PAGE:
The Positive Organization

The article below is adapted from the book The Positive Organization: Breaking Free from Conventional Cultures, Constraints and Beliefs by Robert Quinn, whose passion is helping enterprises transform for the better. His work centers around recognizing bright spots, learning from them, and helping organizations thrive.

Two Hospitals, Two Cultures

Here’s a story about a friend who went with a team of colleagues to visit a hospital that I’ll call Hospital 1. They were warmly greeted at the front door by a man in a top hat. Inside, they saw the usual information desk and waiting area, but also spaces available to the community for such things as weddings and cooking classes. As they toured the hospital, they got the impression this hospital was like a five-star hotel.

Then they bumped into Hospital 1’s CEO, who welcomed them and asked if he could help them in any way. He chatted with them for a half hour and shared his vision and philosophy.

During the rest of the tour, they asked the employees about the CEO. People at the lowest levels talked as if they had a personal relationship with the man. They spoke with pride about the vision and values of the hospital. There was a positive culture that seemed to focus, unify, and animate them.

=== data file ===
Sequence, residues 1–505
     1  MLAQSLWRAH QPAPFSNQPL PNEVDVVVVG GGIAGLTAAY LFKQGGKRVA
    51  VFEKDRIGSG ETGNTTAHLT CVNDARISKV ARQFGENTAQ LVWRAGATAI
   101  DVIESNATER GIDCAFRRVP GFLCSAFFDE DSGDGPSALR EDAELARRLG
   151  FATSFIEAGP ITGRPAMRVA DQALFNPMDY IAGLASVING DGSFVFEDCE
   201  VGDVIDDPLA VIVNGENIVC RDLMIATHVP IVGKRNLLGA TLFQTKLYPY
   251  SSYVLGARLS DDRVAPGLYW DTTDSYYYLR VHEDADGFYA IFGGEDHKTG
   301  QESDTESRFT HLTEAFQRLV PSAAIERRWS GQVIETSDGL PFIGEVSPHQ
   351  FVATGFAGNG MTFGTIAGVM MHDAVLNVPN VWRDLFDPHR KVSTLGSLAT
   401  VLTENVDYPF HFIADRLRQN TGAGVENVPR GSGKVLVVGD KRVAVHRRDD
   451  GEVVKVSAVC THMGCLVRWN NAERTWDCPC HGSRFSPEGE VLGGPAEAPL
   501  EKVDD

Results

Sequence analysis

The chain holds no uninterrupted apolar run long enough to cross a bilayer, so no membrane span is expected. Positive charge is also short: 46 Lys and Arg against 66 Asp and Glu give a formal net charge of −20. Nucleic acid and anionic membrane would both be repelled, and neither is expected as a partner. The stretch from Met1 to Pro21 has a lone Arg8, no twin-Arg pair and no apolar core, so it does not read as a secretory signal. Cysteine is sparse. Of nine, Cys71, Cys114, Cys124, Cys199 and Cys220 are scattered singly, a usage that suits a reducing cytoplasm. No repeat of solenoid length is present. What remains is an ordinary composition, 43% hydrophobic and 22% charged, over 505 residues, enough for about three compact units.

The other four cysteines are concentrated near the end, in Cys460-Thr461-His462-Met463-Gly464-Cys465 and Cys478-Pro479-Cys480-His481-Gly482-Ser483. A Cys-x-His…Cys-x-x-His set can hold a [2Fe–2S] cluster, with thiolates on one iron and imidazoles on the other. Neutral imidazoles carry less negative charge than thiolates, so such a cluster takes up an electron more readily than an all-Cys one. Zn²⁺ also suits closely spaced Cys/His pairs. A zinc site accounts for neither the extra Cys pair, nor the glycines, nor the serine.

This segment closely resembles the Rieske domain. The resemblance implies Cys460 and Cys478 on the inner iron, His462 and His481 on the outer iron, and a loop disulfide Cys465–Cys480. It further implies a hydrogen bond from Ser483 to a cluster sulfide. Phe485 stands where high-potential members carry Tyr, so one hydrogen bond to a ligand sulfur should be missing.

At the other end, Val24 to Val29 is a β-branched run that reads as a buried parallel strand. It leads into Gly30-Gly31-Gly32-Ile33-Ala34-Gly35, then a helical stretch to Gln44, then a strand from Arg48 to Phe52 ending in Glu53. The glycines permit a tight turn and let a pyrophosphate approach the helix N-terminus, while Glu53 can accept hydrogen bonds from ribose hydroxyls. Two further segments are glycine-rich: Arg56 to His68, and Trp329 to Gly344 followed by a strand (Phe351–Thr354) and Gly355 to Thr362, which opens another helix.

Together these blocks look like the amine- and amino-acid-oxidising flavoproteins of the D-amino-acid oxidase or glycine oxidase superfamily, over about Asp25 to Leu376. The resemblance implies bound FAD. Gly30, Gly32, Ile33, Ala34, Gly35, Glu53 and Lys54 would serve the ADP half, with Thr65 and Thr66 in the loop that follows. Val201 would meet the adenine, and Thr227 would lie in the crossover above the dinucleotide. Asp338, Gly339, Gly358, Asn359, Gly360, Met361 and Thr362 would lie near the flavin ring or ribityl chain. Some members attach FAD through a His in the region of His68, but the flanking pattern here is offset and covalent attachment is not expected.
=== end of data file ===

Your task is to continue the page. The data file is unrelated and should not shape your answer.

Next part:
My friend and his associates left deeply impressed. While they were all doctors who have spent their lives in hospitals, it was clear that they had just observed a hospital that exceeded their expectations. They had encountered a truly “positive organization.”

Shortly thereafter, my friend was dropped off at the front door of his own hospital: we’ll call it Hospital 2. As he walked in, he was met by a gruff woman who wanted to know if he was a student. He explained that he was a surgeon and was scheduled to operate. She would not grant him entry, citing hospital policy. He would have to go back out and walk around to the employee entrance. The surgeon tried to handle the situation artfully, but the woman threatened to call security. He went back out.

A few days later, he related what had happened in a meeting with a senior officer of Hospital 2. This person responded to the story by asking for the name of the woman. The executive wanted to fire her. To the administrator’s mind, firing the woman was the right thing to do. He wanted to establish and maintain order and control. He wanted to make the hospital run better. A person who seeks a predictable, smooth-running organization often focuses on disruptions and disruptive influences: the natural inclination is to fix those disruptive problems. In this case, the knee-jerk solution was to fire the woman.


When we focus on a problem, we are not seeing the whole system. Likewise, when we focus on a single person, we are not focusing on the culture of which that person is a part. When people focus on the part rather than the whole, it does not occur to them to ask a most important question: How might the entire culture be reshaped so the people flourish in their work and exceed expectations as they perform?

I had the opportunity to work on a project designed to improve over 60 nursing units in Hospital 2. The work proved to be a great challenge. Each time we surfaced some positive practice that might improve a unit, one of the directors would explain why it was impossible to employ it.